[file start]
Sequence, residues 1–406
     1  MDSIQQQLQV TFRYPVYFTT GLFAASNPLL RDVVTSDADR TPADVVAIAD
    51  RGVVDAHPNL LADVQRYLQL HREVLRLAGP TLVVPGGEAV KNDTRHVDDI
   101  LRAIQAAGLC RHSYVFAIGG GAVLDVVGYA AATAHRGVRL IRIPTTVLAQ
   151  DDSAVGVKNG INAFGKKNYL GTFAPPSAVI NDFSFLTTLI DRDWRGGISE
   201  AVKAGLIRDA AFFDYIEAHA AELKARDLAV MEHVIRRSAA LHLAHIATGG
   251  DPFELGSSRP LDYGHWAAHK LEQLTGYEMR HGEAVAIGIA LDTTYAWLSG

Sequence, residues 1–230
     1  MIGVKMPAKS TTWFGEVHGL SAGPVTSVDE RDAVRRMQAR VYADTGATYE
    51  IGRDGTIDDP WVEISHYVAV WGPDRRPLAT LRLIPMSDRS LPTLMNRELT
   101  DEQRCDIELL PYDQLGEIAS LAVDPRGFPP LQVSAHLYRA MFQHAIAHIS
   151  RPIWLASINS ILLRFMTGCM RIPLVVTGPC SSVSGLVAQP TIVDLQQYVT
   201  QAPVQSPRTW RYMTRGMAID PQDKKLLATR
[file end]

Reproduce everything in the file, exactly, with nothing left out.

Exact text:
Sequence, residues 1–406
     1  MDSIQQQLQV TFRYPVYFTT GLFAASNPLL RDVVTSDADR TPADVVAIAD
    51  RGVVDAHPNL LADVQRYLQL HREVLRLAGP TLVVPGGEAV KNDTRHVDDI
   101  LRAIQAAGLC RHSYVFAIGG GAVLDVVGYA AATAHRGVRL IRIPTTVLAQ
   151  DDSAVGVKNG INAFGKKNYL GTFAPPSAVI NDFSFLTTLI DRDWRGGISE
   201  AVKAGLIRDA AFFDYIEAHA AELKARDLAV MEHVIRRSAA LHLAHIATGG
   251  DPFELGSSRP LDYGHWAAHK LEQLTGYEMR HGEAVAIGIA LDTTYAWLSG

Sequence, residues 1–230
     1  MIGVKMPAKS TTWFGEVHGL SAGPVTSVDE RDAVRRMQAR VYADTGATYE
    51  IGRDGTIDDP WVEISHYVAV WGPDRRPLAT LRLIPMSDRS LPTLMNRELT
   101  DEQRCDIELL PYDQLGEIAS LAVDPRGFPP LQVSAHLYRA MFQHAIAHIS
   151  RPIWLASINS ILLRFMTGCM RIPLVVTGPC SSVSGLVAQP TIVDLQQYVT
   201  QAPVQSPRTW RYMTRGMAID PQDKKLLATR